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|Ted Hamilton OAM|
|Born||1937 (age 79–80)
|Occupation||Actor, film producer, singer|
Edward Leslie "Ted" Hamilton (OAM) (born 1937) is an Australian singer, composer, playwright, entrepreneur and actor. He is possibly best known for playing the Pirate King in The Pirate Movie and police constable Kevin Dwyer in Division 4 (1969–73). More recently, he played Merlin in the TV series Guinevere Jones.
In 1955, hailed as a teenage singing sensation, Hamilton began performing in nightclubs, and live on national radio. He guest starred on The Ford Show, Calling The Stars and The Gladys Moncrieff Show. He also had hit records with "Primrose Lane" and "The Things We Did Last Summer".
Hamilton was also the featured singer with The Bob Gibson Band, Australia's premier swing-band, and the Australian All-Stars jazz quintet.
In 1956 Hamilton guest starred on Australia's first variety show broadcast on New Year’s Eve on ABC TV. Also in the 1950s, Hamilton featured in variety shows on all channels, including The Hit Parade (ABC), Make Mine Music (ABC), Bandstand (Channel 9), Sydney Tonight (Channel 7), and in the 1960s the seminal variety show Revue 61/62.
Hamilton made his debut as singer/songwriter and starred with many of the top musicians and groups of the day, including Don Burrows, Terry Wilkinson and Errol Buddle - Bob Gibson's swing band - The Australian Jazz Quintet and The Australian All Stars. He was voted best singer in jazz and pop by Bandstand and Downbeat.
Best singer and national variety show award (Logie and Penguin awards).
He provided the voice/image for some of Australia's most popular and successful commercials. Craven A, Mac. Robertson Land - IC-POTA - Beautiful Rheingold - Marshall Batteries - Philip Morris (Oh! What a Beauty) - Coca-Cola - Kodak - Louie the fly
He also starred in several variety specials, among them Ted Hamilton and Johnny Farnham - together again for the very first time.
Television and lobbying
Hamilton starred in the famous Australian TV series, Division 4 as Senior Constable Kevin Dwyer, winning best actor and best drama Logie awards. He also performed in a number of national theater productions.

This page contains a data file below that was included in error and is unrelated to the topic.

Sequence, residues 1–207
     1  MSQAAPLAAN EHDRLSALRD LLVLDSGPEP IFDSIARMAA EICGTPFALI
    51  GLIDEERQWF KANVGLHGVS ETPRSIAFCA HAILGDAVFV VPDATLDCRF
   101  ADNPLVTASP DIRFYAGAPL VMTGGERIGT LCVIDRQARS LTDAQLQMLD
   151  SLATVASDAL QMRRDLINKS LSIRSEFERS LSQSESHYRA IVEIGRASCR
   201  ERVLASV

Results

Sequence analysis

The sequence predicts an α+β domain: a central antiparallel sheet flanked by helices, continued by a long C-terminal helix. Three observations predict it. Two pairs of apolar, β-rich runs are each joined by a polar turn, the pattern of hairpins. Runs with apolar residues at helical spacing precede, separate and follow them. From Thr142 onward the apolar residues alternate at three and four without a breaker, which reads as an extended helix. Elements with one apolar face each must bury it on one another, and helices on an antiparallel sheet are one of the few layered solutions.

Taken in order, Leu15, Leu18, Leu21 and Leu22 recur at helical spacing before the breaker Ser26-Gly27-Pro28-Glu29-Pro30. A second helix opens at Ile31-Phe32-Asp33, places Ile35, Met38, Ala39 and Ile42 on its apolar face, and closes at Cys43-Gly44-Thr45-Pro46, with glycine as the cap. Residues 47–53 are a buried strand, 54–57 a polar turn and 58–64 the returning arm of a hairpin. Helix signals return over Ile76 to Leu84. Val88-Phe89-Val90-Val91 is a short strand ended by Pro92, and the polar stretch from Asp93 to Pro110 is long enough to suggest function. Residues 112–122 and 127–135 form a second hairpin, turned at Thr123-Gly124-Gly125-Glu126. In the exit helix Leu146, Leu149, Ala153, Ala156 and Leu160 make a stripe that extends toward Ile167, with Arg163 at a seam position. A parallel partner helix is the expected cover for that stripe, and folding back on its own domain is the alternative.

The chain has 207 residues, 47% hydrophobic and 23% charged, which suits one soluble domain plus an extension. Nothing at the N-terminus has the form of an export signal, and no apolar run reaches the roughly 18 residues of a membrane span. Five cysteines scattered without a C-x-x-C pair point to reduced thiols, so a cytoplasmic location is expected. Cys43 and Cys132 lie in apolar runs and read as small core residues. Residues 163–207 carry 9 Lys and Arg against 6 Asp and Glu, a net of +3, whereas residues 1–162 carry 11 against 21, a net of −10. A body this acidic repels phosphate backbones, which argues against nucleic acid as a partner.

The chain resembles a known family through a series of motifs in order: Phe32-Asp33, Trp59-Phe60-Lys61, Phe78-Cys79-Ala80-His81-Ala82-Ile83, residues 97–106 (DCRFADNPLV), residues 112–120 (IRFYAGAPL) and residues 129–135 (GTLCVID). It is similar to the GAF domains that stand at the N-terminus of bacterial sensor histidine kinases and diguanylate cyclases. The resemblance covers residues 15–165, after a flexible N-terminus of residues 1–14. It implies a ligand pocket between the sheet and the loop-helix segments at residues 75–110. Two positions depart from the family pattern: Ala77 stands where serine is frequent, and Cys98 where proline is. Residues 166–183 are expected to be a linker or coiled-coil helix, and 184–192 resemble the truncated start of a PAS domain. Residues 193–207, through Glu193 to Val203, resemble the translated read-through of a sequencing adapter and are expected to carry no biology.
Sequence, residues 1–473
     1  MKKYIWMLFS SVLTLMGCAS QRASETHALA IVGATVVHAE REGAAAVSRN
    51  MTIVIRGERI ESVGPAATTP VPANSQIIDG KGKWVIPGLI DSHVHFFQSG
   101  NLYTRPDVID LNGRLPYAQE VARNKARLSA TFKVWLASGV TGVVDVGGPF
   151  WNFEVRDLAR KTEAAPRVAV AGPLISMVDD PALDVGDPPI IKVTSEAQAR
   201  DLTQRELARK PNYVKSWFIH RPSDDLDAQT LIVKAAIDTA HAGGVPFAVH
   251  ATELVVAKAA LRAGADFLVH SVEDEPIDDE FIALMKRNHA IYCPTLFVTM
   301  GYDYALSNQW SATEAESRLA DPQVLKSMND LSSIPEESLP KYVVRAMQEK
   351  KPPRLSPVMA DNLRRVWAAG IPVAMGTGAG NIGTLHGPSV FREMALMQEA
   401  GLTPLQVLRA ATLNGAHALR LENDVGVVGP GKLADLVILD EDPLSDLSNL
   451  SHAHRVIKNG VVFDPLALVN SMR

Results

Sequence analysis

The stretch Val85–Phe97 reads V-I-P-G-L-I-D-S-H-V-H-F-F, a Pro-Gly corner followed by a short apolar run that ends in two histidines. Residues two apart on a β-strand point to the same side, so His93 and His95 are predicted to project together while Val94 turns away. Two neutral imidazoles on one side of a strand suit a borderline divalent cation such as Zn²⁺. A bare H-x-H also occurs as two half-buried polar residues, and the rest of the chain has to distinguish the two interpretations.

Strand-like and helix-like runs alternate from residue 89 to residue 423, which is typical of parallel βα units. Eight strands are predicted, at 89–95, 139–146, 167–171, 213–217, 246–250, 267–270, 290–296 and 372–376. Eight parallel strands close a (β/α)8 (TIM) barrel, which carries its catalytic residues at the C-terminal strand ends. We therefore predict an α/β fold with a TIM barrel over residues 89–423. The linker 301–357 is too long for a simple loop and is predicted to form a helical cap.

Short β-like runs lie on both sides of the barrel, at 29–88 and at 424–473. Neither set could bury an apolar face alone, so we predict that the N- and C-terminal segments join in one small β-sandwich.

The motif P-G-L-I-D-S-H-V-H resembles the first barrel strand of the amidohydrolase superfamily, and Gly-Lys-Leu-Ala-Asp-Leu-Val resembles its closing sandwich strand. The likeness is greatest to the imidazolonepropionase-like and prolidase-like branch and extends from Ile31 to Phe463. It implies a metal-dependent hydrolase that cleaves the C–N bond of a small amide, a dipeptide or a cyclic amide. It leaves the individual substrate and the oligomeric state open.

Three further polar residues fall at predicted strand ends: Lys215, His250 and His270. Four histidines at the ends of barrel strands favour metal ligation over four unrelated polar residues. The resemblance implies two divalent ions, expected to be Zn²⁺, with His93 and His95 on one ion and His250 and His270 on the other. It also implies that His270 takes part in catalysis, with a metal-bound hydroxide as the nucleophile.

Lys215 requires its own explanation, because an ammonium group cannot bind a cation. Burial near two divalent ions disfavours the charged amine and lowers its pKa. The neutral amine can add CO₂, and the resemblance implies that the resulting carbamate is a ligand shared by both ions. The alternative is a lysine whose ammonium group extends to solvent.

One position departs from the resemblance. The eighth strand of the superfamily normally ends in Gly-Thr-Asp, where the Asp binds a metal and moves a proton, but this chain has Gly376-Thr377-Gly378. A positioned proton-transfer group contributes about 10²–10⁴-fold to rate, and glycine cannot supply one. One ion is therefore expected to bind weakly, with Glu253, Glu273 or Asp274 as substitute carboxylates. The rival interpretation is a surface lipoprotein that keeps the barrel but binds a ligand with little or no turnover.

Hamilton was founder and chairman of the: TV-Make it Australian Committee, a lobby group that pushed to have Australian culture represented by local productions on Australian TV stations. The group lobbied the government for delineation of categories for Australian TV in: drama, variety, comedy, current affairs, sport. Further that a requirement for every channel to provide a mandated quota of Australian drama. The group was the most successful lobby group in the history of Australian show business. Hamilton and the committee were acknowledged by Hector Crawford, and Prime Minister John Gorton as "The man, and the committee that saved Australian drama from extinction".
Politics and film career
From 1970 to 1972, Hamilton was the co-convener of the Australia Party. He headed the run for Parliament and his party was successful in having several senators elected. Upon Hamilton’s departure for America, the party provided the nucleus of the Australian Democrats, led for many years by Don Chipp. Hamilton was also involved in the "It's Time" campaign, along with Mick Young and Clive Holding.
Hamilton also devised and appeared in a TV commercial for the Philip Morris cigarette brand "Kingford". The commercial won the Logie award for Best TV Commercial in 1974, but resulted in Hamilton's dismissal from "Division 4", as his appearance violated a contract clause specifying that series regulars wouldn't appear in television commercials. He went on to host his own national variety shows on the ABC: Ted Hamilton's New Wave and Ted Hamilton's Musical World.
1975 because of his chairmanship of: The TV-Make It Australian Committee, the doors to Australian commercial television slammed. Hamilton was banned from Channel 9 by Clyde Packer, and informed that he would not be employed by the networks again, (he has not been employed by 7 or 9 since). Facing this restriction in a television dominated profession; Hamilton moved his family to the United States and established a successful acting and corporate career.
In 1980, when Rupert Murdoch attempted to establish a television presence in Australia, he acquired the Ten Channel in Melbourne. He invited Hamilton to return to Australia, to host The Ted Hamilton Show. However, the Broadcasting Control Board opposed his ownership and Murdoch quickly surrendered the idea, and sold his interest.
In 1981 Hamilton starred in the The Pirate Movie with Christopher Atkins and Kristy McNichol. Hamilton and his partner David Joseph produced The Pirate Movie, the first Australian movie to receive a general release in the United States (2,500 screens 20th Century Fox).
Involvement in United States and return to Australia
In 1981 he returned to the United States. He was appointed chairman of two US companies involved in the placement of private capital for films and corporations. He also served as a senior consultant to several national companies in the US.
In 2001 Hamilton returned to Australia, performing in music and acting.
In 2002 he performed in the international television series Guinevere Jones, playing the role of Merlin.
Social involvement and honors
- "Ted Hamilton". The New York Times.
- "Surprise try-out as compere". The Age Green Guide. 26 August 1965. Retrieved 11 July 2016.
- Ross, Norrie (23 December 2009). "Applause for Division 4 cop Ted Hamilton after court drama". Herald Sun.
- "Ted drops out of Div. 4". TV Week: P5. 29 September 1973.
- Maslin, Janet (9 August 1982). "The Pirate Movie (1982) 'PIRATE MOVIE,' WITH KRISTY MCNICHOL". The New York Times.